- The Washington Times - Tuesday, September 13, 2005

In many Parisian bistros and small restaurants, I’ve noticed that clafoutis, a dessert, is frequently listed on the menu. It is a simple country confection of fresh fruit baked under a pancake-like batter.

Chefs love the ease of preparation and endless variation potential of this dessert. I have to confess that after all these years of living and working in France, only recently have I realized how perfectly suited the clafoutis is for home entertaining.

From the Limousin area of south central France, clafoutis is traditionally made with dark unpitted cherries, which are sometimes a shock to the unknowing diner.

When baked, the batter — a combination of flour, sugar, eggs, milk and melted butter — becomes a cross between a pudding and a cake. However, the people of the Limousin are adamant about describing their clafoutis (pronounced kla-foo-tee) as a cake with cherries. The name comes from an old French verb, “clafir,” meaning to fill.

Although cherries are traditional, all manner of fruit can be used, and spices and liqueurs are common additions to the batter. This summer I sampled an apricot version, and I’ve seen recipes for raspberry, pear and prune clafoutis as well.

Several days ago as I planned a summer supper for friends, I decided to create a plum clafoutis. I cut dark red plums into wedges and covered them with the traditional batter, to which I added ground cardamom and a touch of Grand Marnier. The assertive sweet taste of the spice and the intense citrus accent of the liqueur complemented the fruit beautifully and took only a few seconds to incorporate into the batter.

At serving time, I dusted the warm clafoutis with confectioners’ sugar, garnished it with a bouquet of fresh mint, then offered each portion with a scoop of vanilla ice cream.

Our guests helped themselves to seconds and even asked for the recipe. When they saw how easy this dessert was to prepare, they told me they were going to make clafoutis for their next dinner party.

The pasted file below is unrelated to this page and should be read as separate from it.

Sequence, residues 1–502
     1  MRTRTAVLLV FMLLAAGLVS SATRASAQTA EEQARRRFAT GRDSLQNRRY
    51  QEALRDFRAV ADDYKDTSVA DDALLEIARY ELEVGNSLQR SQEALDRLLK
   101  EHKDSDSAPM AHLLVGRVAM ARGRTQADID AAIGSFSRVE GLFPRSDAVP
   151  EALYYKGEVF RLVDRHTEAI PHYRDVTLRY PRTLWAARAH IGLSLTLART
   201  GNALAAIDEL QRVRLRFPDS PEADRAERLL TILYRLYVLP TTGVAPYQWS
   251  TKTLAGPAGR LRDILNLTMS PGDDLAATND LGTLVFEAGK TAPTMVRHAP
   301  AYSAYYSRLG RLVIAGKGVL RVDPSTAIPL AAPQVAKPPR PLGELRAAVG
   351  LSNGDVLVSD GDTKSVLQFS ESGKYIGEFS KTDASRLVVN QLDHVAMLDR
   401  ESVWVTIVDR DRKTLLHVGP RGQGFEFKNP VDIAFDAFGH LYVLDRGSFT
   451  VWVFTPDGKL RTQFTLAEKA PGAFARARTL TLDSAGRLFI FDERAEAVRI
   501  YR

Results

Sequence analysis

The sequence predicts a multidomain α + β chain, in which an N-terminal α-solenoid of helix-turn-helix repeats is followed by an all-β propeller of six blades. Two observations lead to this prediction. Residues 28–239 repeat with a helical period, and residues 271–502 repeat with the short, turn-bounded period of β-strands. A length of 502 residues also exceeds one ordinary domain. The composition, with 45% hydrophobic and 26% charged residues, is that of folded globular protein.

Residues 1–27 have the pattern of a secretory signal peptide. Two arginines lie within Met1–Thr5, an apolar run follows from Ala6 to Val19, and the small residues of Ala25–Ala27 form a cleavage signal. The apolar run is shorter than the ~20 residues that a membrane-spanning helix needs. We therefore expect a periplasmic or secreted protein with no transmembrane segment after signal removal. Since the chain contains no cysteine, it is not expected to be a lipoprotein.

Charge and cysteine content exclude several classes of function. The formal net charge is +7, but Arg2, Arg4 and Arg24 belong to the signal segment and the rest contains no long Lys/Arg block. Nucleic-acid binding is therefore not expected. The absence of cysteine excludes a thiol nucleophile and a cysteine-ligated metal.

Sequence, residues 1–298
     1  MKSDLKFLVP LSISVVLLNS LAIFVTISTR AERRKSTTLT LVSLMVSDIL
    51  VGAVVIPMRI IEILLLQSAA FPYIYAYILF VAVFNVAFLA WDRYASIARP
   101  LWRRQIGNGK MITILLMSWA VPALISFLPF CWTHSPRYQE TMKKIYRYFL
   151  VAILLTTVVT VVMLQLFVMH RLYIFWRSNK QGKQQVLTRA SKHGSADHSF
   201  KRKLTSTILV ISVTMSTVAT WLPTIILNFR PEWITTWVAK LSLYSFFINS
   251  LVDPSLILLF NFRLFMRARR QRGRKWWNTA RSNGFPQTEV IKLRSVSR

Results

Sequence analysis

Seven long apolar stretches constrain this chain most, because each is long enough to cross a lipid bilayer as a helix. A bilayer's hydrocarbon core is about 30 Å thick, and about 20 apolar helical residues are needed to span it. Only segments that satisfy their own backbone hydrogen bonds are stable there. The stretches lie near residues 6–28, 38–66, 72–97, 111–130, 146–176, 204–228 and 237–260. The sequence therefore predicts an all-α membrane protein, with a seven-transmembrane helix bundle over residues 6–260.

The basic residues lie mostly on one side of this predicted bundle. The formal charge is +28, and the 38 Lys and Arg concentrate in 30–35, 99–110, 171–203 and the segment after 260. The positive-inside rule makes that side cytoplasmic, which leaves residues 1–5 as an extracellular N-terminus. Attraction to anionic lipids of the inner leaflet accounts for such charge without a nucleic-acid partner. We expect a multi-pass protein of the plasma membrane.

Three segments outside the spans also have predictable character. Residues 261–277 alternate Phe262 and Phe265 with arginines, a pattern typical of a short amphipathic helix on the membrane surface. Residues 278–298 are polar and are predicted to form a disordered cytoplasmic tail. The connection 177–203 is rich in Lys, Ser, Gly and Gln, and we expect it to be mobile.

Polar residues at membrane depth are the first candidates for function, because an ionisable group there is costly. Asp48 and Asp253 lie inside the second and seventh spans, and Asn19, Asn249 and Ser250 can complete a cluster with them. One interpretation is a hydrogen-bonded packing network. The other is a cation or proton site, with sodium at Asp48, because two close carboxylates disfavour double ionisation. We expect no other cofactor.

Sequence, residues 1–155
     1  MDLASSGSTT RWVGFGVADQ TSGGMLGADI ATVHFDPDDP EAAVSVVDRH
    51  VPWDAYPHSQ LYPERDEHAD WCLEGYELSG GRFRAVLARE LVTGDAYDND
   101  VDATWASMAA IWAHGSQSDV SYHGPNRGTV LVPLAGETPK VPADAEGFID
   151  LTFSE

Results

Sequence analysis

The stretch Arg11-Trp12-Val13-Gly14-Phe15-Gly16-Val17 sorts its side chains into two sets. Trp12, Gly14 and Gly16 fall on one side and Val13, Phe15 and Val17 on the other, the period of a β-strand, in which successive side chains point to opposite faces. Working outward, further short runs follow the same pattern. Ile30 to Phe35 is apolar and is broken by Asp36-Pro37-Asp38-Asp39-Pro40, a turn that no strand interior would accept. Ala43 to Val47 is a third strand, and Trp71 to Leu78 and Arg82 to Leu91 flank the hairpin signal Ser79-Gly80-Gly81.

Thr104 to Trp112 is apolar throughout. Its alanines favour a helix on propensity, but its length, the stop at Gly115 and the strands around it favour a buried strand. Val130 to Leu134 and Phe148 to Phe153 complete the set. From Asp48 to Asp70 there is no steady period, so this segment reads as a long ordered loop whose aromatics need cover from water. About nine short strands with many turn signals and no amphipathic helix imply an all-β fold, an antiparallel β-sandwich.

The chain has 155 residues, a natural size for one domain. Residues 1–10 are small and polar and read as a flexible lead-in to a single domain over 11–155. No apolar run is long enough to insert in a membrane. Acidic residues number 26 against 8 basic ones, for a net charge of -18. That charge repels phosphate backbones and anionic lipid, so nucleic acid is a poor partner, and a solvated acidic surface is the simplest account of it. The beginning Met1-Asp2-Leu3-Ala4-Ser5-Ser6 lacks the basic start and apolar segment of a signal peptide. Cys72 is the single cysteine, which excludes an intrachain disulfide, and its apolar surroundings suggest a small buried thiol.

Plum clafoutis

11/4 pounds (4 large) ripe dark red plums (Santa Rosa plums work well)

4 large eggs

½ cup sugar

½ teaspoon ground cardamom (see note)

3/4 cup whole milk

4 tablespoons unsalted butter, melted, plus extra for buttering the baking pan

1 tablespoon Grand Marnier or other orange-flavored liqueur

3/4 cup flour

Pinch salt

Confectioners’ sugar

Mint sprigs for garnish, optional

1 quart best-quality vanilla ice cream, optional

Butter a 2-quart oven-to-table baking dish at least 2 inches deep. (I used an oval 12-by-9-by-2-inch baking dish.) Halve plums lengthwise and remove and discard pits. Cut each half into 4 wedges and arrange wedges in single layer in baking dish.

Place eggs, sugar and cardamom in a medium bowl and whisk until mixture is well blended and slightly frothy, about 2 minutes.

Add milk, melted butter, Grand Marnier, flour and salt, and whisk several seconds to incorporate. Pour mixture over plums.

Bake on rack in center of preheated 375-degree oven for 15 minutes, then lower temperature to 350 degrees. Bake 30 to 35 minutes more or until the clafoutis puffs and a toothpick inserted into the middle comes out clean. Remove and cool 15 minutes.

Clafoutis will deflate slightly as it cools. Dust with confectioners’ sugar and garnish with mint sprigs, if desired. Serve each portion with a scoop of vanilla ice cream, if desired. Makes 6 servings.

Note: When cardamom is very fragrant, it will have a strong, intense flavor. Ideally, you should smell this spice before using, and if it isn’t fragrant, try to replace it. An economical way to buy cardamom is to purchase it in small quantities from a grocery or food store that sells spices in bulk.

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